and not as a way for further standardisation of securities markets
6. But that raises the question of how to
achieve "common and uniform implementation of Community legislation"
that it called for without standardising the legislation itself.
Some market participants appear to want "flexibility
in regulation" to mean that there are differences between
Member States, rather than a uniform system across the EU that
can be changed flexibly. This crucial distinction is often left
blurred, but the extracts below from the CESR Charter make it
clear that CESR is constructed to achieve the tasks that were
specified in the original Lamfalussy Report.
CESR CHARTER, SEPTEMBER
Having regard to the importance of greater supervisory
and regulatory convergence for the achievement of an integrated
internal capital markets in Europe;
Having regard to the need to base all its actions
around a common conceptual framework of overarching principles
for the regulation of the European securities markets to be established
by the European Union;
Having regard to the importance of involving
all market participants in the regulatory process; Considering
that the role of the Committee of the European Securities Regulators
(i) improve coordination among European Securities
(ii) act as an advisory group to assist the
Commission, in particular in its preparation of draft implementing
measures in the field of securities;
(iii) work to ensure more consistent and
timely, day to day implementation of community legislation in
the Members' States;
the members of the Committee resolve to adhere,
both in principle and in practice, to this Charter
4.3 The Committee will foster and review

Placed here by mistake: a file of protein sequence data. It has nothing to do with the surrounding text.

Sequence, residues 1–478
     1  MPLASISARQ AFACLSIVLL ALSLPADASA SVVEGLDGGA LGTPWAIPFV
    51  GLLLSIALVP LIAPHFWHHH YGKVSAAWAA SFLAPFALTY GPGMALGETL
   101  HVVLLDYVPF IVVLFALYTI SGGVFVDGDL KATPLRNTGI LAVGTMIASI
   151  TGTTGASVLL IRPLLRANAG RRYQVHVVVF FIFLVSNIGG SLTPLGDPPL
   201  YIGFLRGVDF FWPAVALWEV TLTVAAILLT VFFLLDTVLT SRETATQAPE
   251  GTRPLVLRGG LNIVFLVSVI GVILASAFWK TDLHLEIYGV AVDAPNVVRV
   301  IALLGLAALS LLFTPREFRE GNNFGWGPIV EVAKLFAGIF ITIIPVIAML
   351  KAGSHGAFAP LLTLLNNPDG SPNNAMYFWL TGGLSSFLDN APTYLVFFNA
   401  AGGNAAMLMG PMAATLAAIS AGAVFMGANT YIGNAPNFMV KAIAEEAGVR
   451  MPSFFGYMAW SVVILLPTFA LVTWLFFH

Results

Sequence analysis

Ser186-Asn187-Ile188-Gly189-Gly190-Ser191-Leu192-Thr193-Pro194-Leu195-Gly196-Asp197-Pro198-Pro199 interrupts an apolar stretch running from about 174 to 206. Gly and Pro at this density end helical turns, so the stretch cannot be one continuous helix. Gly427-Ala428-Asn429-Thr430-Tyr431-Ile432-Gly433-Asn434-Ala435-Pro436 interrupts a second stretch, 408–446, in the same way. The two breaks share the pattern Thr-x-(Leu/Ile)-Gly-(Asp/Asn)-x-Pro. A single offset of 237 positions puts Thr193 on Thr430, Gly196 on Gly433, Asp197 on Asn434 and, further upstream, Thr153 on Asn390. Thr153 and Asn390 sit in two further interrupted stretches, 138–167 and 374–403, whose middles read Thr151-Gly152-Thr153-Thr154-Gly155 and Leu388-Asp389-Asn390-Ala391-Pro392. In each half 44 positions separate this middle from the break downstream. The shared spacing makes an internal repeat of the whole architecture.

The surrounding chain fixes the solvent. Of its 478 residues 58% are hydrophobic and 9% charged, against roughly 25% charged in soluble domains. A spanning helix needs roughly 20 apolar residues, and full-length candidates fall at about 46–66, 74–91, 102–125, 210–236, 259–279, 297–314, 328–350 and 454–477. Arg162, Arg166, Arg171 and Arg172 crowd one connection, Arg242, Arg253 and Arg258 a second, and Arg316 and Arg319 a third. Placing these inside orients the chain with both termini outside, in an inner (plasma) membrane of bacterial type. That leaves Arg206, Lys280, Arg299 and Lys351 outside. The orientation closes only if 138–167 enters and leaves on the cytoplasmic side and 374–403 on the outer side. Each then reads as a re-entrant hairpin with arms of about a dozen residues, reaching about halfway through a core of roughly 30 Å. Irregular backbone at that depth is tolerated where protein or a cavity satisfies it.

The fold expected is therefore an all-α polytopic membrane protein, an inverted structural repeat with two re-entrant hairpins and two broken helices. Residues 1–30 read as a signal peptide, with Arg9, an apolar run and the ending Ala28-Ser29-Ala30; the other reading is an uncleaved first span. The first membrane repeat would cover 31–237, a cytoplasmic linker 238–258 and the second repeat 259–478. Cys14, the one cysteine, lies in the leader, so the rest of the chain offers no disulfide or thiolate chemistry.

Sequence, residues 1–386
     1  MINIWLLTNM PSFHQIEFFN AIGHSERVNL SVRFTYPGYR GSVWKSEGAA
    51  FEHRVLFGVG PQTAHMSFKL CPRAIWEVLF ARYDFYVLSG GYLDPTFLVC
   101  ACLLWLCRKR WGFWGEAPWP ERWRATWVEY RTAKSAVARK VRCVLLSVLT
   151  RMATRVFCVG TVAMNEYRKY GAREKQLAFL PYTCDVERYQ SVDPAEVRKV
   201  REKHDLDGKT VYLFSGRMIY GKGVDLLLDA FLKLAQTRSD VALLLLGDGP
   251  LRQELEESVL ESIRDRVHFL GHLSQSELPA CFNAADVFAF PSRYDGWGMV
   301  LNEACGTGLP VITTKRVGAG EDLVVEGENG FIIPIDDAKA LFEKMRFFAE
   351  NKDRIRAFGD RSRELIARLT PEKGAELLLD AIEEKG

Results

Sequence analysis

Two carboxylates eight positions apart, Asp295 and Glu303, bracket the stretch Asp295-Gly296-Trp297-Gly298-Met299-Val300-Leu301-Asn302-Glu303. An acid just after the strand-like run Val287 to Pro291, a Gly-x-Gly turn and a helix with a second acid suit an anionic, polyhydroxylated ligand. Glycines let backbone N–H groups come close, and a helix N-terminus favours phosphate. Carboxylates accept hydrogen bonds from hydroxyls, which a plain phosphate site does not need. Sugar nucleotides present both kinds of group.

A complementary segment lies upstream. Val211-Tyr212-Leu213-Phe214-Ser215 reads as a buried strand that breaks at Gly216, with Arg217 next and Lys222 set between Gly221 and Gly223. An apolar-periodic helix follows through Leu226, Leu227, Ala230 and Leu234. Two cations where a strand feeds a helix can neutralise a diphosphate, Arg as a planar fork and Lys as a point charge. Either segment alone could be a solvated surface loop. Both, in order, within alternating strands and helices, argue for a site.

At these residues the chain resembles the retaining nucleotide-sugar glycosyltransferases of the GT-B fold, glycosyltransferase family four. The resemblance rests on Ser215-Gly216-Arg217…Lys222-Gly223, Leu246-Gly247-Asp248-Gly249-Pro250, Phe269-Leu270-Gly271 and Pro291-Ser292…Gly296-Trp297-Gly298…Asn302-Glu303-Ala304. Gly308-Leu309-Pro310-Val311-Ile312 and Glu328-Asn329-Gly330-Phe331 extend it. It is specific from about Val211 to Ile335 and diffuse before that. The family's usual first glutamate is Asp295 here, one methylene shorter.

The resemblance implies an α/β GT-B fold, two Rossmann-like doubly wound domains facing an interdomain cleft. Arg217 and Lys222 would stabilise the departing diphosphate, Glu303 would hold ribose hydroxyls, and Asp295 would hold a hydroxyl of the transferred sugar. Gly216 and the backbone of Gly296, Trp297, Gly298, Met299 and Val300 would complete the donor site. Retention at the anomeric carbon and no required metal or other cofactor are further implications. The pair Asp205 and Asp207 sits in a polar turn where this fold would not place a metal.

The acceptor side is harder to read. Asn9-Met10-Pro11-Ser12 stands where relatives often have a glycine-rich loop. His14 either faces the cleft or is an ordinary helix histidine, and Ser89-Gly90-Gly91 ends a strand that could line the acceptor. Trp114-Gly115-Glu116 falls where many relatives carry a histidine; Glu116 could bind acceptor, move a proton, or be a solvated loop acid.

common and uniform day to day implementation and application of
Community legislation. It will issue guidelines, recommendations
and standards that the members will introduce in their regulatory
practices on a voluntary basis. It will also undertake reviews
of regulatory practices within the single market.
4.4 The Committee will develop effective
operational network mechanisms to enhance day-to-day consistent
supervision and enforcement of the Single Market for financial
7. Any attempt to permit significant differences
between national regulatory regimes might risk under-cutting the
whole notion of a single market. CESR published a consultation
paper on level 3 in April 2004 and this reviewed some of the thoughts
which the IIMG described. But the collective aim of CESR's members
(ie including FSA) is clear from the Foreword "The objective
of CESR at level 3 is to ensure convergent application of EU securities
law." The paper elaborates the full meaning of "convergence"
latersee extract below.
2.3 Regulatory convergence
Regulatory convergence is the process of creating
common rules. The legitimacy of the role of CESR at level 3 comes
from the fact that CESR members take individual decisions on a
daily basis that create jurisprudence. This "bottom up"
approach relates to the normative nature of concrete decision
making activities of the supervisors. The impact of precedents
on decisions is determined by the law and cannot be fully controlled
by legislators. In addition, in an integrated European market,